Despite significant membership support for the idea, it appears Division III coaches will not soon be allowed to hold de facto tryouts on campus.
During its meetings this week in Indianapolis, the Division III Management Council struck down a proposal from the Division III Recruiting Working Group that would have permitted coaches to evaluate potential student-athletes’ athletic abilities on campus.
The working group pushed for the change because it felt allowing potential student-athletes to come to campus would ease the travel burdens that recruiting places on coaches. But the council expressed concern that coaches’ evaluations of athletic prowess would have too much sway over admissions decisions. The emphasis on academics, a core tenant of the Division III philosophy, would be diminished, the council argued. Council members also expressed concern that coaches would hold these evaluation sessions in addition to their already-swollen workloads rather than using them to replace numerous recruiting trips.
The council’s decision contradicts opinions expressed by many in the membership: 84 percent of members who participated in a straw poll at the 2014 NCAA Convention indicated they wanted the recruiting working group to pursue legislation that would permit on-campus evaluations.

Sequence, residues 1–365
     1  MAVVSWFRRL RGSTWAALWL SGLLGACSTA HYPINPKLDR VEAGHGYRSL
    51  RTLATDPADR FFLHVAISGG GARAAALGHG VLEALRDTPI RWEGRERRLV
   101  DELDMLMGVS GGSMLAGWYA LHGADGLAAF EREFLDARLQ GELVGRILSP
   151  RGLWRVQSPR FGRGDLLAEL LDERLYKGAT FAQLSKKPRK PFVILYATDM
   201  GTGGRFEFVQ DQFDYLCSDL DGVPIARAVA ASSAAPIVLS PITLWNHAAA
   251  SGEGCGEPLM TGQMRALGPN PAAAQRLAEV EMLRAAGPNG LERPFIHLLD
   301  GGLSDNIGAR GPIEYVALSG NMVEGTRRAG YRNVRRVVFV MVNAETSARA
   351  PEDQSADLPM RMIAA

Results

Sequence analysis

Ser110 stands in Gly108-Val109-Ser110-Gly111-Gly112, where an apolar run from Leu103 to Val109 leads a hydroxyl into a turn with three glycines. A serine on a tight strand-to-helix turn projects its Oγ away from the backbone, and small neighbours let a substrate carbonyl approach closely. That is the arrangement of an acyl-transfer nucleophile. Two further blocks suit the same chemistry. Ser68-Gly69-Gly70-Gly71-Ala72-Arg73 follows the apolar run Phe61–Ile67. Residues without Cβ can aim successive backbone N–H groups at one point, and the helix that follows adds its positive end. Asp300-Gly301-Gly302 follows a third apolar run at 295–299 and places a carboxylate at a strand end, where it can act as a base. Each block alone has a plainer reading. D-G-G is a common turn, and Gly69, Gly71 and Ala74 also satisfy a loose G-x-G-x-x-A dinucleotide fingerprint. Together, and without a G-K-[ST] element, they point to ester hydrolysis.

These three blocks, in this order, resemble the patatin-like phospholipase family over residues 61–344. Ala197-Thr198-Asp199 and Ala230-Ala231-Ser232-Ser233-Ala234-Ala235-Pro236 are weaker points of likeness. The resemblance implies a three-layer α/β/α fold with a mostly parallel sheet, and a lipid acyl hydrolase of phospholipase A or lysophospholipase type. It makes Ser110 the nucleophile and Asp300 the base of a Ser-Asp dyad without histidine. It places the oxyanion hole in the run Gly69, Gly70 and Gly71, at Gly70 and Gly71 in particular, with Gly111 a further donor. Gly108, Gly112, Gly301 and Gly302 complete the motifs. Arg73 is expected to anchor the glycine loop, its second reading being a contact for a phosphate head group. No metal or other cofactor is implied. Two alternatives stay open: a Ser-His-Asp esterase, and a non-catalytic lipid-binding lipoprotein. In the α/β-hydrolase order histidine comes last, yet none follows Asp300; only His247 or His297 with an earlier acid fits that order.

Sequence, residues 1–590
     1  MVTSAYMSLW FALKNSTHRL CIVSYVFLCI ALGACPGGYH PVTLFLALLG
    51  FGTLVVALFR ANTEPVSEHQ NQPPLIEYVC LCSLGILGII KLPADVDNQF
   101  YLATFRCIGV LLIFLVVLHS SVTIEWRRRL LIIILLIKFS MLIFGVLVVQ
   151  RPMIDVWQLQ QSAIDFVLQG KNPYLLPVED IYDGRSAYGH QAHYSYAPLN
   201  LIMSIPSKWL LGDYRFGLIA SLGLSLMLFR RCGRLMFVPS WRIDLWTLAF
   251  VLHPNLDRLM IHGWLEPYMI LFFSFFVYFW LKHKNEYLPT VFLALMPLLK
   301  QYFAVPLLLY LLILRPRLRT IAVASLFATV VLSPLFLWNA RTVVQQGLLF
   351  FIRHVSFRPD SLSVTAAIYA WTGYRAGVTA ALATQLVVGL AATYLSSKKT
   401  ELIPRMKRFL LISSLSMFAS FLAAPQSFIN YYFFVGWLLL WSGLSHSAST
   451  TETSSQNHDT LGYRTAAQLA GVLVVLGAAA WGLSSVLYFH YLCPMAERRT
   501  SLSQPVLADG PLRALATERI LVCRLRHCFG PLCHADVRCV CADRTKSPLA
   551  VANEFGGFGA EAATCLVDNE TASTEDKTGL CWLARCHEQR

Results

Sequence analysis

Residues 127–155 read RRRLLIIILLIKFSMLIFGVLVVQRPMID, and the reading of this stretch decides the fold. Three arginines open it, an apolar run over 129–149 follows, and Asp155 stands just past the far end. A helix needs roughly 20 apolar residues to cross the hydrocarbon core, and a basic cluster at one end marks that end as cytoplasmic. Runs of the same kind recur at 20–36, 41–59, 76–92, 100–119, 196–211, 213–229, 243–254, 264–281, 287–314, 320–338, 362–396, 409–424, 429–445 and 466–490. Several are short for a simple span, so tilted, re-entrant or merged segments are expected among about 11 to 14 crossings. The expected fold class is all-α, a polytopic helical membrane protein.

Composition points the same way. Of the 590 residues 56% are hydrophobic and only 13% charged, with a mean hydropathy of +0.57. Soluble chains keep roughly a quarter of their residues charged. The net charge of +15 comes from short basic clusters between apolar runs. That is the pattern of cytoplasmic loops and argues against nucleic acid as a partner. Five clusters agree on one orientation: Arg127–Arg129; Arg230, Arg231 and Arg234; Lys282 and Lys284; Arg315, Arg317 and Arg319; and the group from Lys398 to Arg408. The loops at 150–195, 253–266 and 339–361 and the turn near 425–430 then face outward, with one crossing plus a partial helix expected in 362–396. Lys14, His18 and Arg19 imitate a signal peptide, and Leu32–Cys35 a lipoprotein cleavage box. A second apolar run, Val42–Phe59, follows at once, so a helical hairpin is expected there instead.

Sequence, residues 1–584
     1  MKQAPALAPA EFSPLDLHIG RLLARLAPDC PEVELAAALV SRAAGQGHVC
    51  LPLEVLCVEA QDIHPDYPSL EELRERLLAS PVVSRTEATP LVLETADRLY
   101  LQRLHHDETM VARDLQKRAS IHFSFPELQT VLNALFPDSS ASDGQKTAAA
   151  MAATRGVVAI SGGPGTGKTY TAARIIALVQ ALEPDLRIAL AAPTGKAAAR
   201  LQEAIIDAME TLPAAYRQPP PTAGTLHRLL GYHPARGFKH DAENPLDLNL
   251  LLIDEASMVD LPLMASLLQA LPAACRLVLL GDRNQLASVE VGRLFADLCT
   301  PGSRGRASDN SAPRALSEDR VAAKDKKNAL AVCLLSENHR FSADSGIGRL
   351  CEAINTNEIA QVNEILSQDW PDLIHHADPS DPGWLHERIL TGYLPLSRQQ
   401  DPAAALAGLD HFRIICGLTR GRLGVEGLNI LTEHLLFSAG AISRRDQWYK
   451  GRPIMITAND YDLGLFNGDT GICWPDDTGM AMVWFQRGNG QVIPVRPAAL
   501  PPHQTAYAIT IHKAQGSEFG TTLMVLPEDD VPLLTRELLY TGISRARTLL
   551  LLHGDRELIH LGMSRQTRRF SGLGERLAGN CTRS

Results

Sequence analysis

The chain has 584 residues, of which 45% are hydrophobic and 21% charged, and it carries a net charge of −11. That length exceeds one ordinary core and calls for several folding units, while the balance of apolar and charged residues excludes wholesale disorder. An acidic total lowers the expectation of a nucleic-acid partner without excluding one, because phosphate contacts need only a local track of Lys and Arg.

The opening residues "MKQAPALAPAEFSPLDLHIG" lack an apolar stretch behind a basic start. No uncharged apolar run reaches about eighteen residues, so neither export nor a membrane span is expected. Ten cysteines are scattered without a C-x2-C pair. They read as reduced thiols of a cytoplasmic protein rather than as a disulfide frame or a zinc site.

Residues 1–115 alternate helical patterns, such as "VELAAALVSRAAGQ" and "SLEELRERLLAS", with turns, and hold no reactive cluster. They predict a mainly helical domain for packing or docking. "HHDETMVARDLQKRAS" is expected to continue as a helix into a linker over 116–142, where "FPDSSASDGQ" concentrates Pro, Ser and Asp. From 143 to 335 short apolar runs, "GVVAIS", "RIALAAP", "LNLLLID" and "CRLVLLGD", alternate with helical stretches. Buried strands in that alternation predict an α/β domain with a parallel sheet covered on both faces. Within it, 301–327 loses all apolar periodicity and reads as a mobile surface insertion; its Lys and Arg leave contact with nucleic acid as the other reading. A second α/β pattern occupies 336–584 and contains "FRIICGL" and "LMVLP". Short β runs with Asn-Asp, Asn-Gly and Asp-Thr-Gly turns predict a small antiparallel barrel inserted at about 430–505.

“I was surprised by the defeat,” said Division III Management Council chair and Director of Athletics at Wilmington College, Terry Rupert. “I think it falls back to the Division III philosophy; some people had concerns about looking more like Divisions I and II. I think that’s why it was defeated.”
The other recruiting proposal brought to the council, one allowing institutions to use a non-binding athletics celebratory signing form, passed easily and will be subject to a membership vote at the 2015 NCAA Convention. The legislation would allow schools to provide prospective student-athletes that have been accepted for admission with a standard form produced by the NCAA. Those student-athletes could then use the form at signing ceremonies held in their high schools or communities alongside their peers who sign National Letters of Intent or similar documents indicating they will compete at Division I and II schools.
Unlike letters of intent in Division I or II, though, the Division III form will not bind a student-athlete to the school and will be completely ceremonial in function. Current rules permit signing ceremonies, but bar Division III student-athletes from signing a standard form provided by an NCAA institution, which, council members argued, dilutes the experience.
“I think moms and dads and kids get really excited about being able to sign something and to say that they’re moving on with their athletic and their academic careers,” Rupert said. “I think everybody wants that. Division II and Division I have done that for years and our kids have always felt a little left out.”